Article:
Jazz Review



November 09, 2010 | By Howard Reich | Arts critic

Poland has embraced jazz for more than half a century, the music coursing through cities such as Krakow, Warsaw, Poznan and more.

So it should come as no surprise that Chicago, with its enormous Polish population, would pick up the country’s jazz pulse – during the annual All Souls’ Day Polish Jazz Festival at the Chopin Theatre.

Inspired by a comparable event in Krakow, Chicago’s All Souls fest looks, feels and sounds like no other jazz soiree in this city. Audiences swarm into the Chopin Theatre, socializing in the lobbies and hallways, munching on Polish delicacies through the night and savoring jazz steeped in Polish culture.

That was the scene Monday evening at the Chopin, and this 12th annual installment of the festival proved particularly effective, for it cast a spotlight on a new wave of Polish jazz musicians.

Some of the most striking work came from the hands of 25-year-old pianist Pawel Kaczmarczyk, who led a version of his Audiofeeling Band in a set bursting with rhythmic energy and improvisational dynamism.

Kaczmarczyk approaches the piano like a coiled spring about to pop. He leans into the keyboard and looks as if he cannot wait to pounce. Once he does, his music erupts with nearly manic energy, the pianist driving his quintet via aggressive tempos, volcanic crescendos and a formidable technique that can handle both.

To hear Kaczmarczyk dig deeply into the keys is to understand what full-bodied, wholly committed jazz pianism is all about. But this is not mere bombast, for Kaczmarczyk deepens his work with richly complex harmonies, unconventional phrase structures and a savvy use of silence as a punctuating device.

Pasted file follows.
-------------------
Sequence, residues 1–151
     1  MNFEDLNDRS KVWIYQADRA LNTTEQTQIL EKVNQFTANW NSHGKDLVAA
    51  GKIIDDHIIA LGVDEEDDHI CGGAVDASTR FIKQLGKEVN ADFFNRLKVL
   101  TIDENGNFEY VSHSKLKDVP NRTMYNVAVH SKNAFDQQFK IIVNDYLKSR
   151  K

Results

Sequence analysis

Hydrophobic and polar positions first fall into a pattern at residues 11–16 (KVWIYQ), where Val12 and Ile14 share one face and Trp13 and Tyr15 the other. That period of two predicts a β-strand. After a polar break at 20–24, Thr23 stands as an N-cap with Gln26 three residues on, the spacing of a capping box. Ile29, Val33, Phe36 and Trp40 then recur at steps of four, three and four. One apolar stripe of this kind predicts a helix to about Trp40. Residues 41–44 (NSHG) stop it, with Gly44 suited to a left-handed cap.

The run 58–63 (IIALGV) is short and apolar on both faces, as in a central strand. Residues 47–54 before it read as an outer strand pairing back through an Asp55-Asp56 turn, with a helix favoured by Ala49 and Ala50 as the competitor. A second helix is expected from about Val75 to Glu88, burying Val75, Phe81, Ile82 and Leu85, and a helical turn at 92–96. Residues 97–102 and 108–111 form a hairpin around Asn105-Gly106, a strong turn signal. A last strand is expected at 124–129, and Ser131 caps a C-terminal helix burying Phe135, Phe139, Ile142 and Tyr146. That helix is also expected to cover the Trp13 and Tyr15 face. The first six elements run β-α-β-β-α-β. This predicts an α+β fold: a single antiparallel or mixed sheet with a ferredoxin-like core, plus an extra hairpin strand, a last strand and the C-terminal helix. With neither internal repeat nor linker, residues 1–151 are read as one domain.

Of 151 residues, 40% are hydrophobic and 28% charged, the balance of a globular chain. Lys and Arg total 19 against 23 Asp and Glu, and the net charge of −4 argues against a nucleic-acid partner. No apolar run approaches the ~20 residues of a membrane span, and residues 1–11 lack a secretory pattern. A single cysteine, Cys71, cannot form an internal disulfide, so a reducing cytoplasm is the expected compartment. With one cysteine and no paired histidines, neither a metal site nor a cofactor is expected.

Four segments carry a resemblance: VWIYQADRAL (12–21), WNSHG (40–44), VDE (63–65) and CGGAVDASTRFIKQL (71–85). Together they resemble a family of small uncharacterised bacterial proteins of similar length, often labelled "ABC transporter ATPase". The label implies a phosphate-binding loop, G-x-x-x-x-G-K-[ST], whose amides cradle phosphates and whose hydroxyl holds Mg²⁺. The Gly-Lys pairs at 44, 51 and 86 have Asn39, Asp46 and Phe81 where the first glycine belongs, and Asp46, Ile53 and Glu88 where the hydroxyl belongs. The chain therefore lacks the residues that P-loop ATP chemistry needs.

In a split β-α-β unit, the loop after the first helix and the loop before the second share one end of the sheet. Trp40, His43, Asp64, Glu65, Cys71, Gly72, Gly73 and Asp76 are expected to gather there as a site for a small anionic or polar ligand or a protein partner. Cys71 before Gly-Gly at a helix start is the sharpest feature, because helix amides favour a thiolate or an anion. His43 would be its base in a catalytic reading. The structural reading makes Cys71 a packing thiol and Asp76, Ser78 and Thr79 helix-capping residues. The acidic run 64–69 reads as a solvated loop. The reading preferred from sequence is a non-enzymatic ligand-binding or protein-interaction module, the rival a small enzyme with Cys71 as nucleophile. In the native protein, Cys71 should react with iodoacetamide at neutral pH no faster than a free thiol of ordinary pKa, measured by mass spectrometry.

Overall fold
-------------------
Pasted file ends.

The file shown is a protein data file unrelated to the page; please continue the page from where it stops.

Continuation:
If his ideas can seem a bit repetitive, if he overstates the case now and then, these minor flaws can be attributed to the enthusiasms of youth. Certainly his ability to work the other end of the expressive range – extremely soft passages of surpassing lyricism – suggests there’s a genuinely introspective side to his emerging art, as well.

Guitarist Rafal Sarnecki, who was born in Warsaw in 1982 and moved to New York five years ago, also shows considerable accomplishment and even more potential. Less tightly wound than Kaczmarczyk but comparably adventurous, Sarnecki carries influences of the visionary American guitarist Kurt Rosenwinkel.

Like Rosenwinkel, Sarnecki ventures far beyond the bebop and post-bop idioms of the past and into a freer – though still chordal – musical language. Sarnecki’s original compositions merge the high-flown lyricism of Polish culture with an idiosyncratic, thoroughly disarming way of building long and winding musical phrases. He’s clearly at the start of forming an improvisational syntax for himself, but it already shows originality and daring.

The other revelation of the evening came from singer Agnieszka Iwanska, who had sounded vocally promising but musically nonchalant at the All Souls festival in 2007.

What a difference three years make. This time, Iwanska came on strong, soaring in a larger-than-life, uncommonly extroverted “Black Coffee” and practically snarling her way through other, more contemporary songs. The size of her alto and the obvious maturation of her delivery have brought her to a new artistic level. Bravo.